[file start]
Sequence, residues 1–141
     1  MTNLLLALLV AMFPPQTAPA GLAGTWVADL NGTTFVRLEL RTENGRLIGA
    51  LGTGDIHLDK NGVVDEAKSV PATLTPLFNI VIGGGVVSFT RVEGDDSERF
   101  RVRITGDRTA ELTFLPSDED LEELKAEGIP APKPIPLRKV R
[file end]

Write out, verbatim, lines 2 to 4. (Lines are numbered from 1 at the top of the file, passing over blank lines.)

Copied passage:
     1  MTNLLLALLV AMFPPQTAPA GLAGTWVADL NGTTFVRLEL RTENGRLIGA
    51  LGTGDIHLDK NGVVDEAKSV PATLTPLFNI VIGGGVVSFT RVEGDDSERF
   101  RVRITGDRTA ELTFLPSDED LEELKAEGIP APKPIPLRKV R